Autumn Budget: Cost of living payments, benefits, energy cap, wage rates and tax


Chancellor of the Exchequer Jeremy Hunt has announced the Autumn Budget today (November 17).

The Budget includes:


Households on means-tested benefits will receive a cost-of-living payment in 2023/24 of £900 in instalments. There will also be separate £300 payments to pensioners and £150 for people on disability benefits.

In April 2023, the government will also increase the benefit cap in line with inflation by 10.1%.

Working age benefits will rise by 10.1%, and the Triple Lock on pensions will remain, meaning pensioners also get a rise in the State Pension and the Pension Credit in line with inflation at 10.1%.

Wages and tax

The National Living Wage will be increased by 9.7% to £10.42 an hour, giving a full-time worker a pay rise of around £1,600 a year.

Tax rises will see the threshold at which higher earners start to pay the 45p rate reduced from £150,000 to £125,140, while Income Tax, Inheritance Tax and National Insurance thresholds will be frozen for a further two years until April 2028.

The Dividend Allowance will be reduced from £2,000 to £1,000 next year, and £500 from April 2024 and the Annual Exempt Amount in capital gains tax will be reduced from £12,300 to £6,000 next year and then to £3,000 from April 2024.

The threshold for employer National Insurance contributions will be fixed until April 2028, but the Employment Allowance will continue to protect 40% of businesses from paying any NICS.

The main rate of Corporation Tax will increase to 25% from April 2023.

Business rates and properties

Business rates payers in England will see the multiplier frozen in 2023-24 while relief for 230,000 businesses in retail, hospitality and leisure sectors will also increase from 50% to 75% next year.

The revaluation of business properties, which takes effect from April 2023, will have a Transitional Relief scheme to cap bill increases for those who will see higher bills. This limits bill increases for the smallest properties to 5%. Small businesses who lose eligibility for either Small Business or Rural Rate Relief as a result of the new property revaluations will see their bill increases capped at £50 a month through a new separate scheme.

Energy bills

The Energy Price Guarantee capping typical energy bills at £2,500, until April 2023 when the cap rises to £3,000. With prices forecast to remain elevated throughout next year, this equates to an average of £500 support for households in 2023-24.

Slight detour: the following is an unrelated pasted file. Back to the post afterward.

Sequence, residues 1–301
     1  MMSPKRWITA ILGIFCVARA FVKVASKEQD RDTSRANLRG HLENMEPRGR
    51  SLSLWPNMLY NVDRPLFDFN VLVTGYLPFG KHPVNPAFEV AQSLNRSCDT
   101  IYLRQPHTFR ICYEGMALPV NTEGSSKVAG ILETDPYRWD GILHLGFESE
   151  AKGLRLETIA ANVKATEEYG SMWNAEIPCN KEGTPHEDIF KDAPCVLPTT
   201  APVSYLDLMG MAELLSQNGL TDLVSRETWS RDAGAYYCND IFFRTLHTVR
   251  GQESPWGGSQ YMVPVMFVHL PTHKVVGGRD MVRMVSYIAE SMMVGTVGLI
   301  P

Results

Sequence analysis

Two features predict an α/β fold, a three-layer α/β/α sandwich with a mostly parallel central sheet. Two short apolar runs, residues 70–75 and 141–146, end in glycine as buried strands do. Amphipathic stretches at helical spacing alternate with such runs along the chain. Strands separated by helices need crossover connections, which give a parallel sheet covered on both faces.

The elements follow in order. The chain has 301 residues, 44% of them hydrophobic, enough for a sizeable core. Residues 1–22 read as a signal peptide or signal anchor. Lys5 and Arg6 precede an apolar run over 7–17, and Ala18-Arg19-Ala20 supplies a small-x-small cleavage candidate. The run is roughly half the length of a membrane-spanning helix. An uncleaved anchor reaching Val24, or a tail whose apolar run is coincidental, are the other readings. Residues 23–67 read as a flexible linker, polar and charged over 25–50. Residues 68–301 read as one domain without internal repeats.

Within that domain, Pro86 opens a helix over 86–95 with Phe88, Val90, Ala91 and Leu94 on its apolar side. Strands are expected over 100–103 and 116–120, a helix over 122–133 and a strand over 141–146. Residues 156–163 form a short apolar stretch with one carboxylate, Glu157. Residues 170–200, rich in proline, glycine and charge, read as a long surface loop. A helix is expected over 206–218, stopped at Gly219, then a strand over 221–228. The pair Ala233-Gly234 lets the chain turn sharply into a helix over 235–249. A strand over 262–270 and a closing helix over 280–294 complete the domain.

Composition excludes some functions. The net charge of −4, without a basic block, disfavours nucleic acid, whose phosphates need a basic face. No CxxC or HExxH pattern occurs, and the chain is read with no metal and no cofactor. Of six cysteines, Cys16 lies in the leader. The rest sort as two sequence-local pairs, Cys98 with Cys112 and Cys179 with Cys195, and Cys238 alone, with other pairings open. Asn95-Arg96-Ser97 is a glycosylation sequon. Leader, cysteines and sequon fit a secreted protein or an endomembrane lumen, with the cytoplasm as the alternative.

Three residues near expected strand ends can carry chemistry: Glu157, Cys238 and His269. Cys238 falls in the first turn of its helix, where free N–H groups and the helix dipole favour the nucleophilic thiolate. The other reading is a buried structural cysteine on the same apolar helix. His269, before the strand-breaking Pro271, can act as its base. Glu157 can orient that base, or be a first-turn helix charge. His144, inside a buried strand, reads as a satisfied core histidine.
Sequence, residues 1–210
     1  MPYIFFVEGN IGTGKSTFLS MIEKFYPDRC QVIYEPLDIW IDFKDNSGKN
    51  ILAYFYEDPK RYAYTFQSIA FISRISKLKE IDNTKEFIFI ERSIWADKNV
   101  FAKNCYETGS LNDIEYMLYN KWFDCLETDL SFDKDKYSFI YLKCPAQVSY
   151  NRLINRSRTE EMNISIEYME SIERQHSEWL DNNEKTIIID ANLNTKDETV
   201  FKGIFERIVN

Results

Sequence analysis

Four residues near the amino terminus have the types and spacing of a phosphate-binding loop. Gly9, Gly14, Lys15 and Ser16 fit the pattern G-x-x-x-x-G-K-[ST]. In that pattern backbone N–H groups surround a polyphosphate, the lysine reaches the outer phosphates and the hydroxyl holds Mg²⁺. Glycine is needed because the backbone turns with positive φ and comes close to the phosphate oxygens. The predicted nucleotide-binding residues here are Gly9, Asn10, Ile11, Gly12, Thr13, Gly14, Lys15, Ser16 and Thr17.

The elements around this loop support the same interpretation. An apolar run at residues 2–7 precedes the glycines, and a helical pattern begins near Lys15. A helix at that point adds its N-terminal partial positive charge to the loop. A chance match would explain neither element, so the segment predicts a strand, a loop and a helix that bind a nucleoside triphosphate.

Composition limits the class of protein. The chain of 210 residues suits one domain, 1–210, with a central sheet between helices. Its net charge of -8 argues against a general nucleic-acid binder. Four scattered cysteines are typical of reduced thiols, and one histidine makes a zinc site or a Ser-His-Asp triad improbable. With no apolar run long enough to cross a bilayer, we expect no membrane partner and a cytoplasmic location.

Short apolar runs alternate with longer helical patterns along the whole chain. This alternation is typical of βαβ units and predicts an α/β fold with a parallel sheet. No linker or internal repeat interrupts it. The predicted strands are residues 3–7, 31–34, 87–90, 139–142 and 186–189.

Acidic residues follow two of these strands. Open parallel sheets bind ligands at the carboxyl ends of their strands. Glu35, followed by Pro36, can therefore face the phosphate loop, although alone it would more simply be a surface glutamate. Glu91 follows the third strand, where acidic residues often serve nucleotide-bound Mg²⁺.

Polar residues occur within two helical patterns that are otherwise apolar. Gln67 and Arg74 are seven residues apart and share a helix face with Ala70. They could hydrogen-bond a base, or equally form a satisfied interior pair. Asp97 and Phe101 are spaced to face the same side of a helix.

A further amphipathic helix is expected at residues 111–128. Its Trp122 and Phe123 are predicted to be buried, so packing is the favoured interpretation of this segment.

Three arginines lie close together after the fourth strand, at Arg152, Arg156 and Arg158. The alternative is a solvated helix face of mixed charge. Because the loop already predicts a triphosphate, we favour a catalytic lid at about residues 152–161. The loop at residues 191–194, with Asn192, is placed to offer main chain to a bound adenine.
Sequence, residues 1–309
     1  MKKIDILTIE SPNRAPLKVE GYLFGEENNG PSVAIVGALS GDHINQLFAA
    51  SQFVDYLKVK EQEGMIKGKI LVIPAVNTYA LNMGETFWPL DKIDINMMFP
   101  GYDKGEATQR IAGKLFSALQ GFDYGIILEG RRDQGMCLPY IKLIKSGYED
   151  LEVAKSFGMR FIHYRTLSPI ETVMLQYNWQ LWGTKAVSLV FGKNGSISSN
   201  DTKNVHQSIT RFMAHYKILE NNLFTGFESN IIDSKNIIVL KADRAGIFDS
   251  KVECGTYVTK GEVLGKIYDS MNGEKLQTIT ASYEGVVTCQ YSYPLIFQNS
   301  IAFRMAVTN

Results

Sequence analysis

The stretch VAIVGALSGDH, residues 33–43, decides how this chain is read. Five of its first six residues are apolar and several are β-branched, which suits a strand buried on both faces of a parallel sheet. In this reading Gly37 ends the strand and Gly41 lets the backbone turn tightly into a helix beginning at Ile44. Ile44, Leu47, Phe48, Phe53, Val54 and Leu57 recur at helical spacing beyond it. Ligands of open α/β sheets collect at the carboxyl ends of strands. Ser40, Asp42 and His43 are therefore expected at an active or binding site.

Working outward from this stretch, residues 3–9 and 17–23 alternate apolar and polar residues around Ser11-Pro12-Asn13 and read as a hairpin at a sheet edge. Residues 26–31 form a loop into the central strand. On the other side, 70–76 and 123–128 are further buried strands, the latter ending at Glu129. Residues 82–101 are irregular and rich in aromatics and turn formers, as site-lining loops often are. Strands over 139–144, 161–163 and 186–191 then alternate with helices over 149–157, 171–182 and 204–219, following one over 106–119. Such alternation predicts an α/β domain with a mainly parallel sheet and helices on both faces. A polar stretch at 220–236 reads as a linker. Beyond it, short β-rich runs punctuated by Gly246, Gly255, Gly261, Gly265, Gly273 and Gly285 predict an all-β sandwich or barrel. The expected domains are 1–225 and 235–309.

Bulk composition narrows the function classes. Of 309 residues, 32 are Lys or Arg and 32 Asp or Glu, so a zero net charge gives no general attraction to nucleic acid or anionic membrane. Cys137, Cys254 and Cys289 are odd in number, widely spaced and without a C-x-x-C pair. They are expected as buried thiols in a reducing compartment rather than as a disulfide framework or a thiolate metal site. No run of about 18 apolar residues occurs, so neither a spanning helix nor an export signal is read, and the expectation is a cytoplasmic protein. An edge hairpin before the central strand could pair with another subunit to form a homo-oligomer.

NHS, Schools and Energy Levy and more

Access to funding for the NHS and social care is being increased by up to £8 billion in 2024-25.

The schools budget will receive £2.3 billion of additional funding in each of 2023-24 and 2024-25,

From 1 January 2023 the Energy Profits Levy on oil and gas companies will increase from 25% to 35%, with the levy remaining in place until the end of March 2028, and a new, temporary 45% levy will be introduced for electricity generators.

From April 2025 electric vehicles will no longer be exempt from Vehicle Excise Duty although rates will be lower than other vehicles

Cap on the increase in social rents at a maximum of 7% in 2023-24.

Autumn Budget: Cost of Living measures for 2023/24

1 Comment

  1. You will own nothing and be happy as unelected WEF’s Klaus Schwab tells his puppet politician minions – and who was tellingly present at the recent G20 gathering of dubious entities. Funny how all the political parties turn a blind eye to the billions of pounds now frittered away on covid hand-out fraud, unsafe and ineffective jabs, useless PPE contracts to cronies, destruction of businesses and jobs through lockdowns, support for Western puppet Zelensky, aligning our military to the European Defence Union via PESCO and nonsensical mark-ups on energy bills, etc. etc. Any political party signing up to any of this is no friend of the people it is supposed to serve. Nor is any local politician of any colour. The cowardice to address the real issues is astounding. And the censorship still prevailing.

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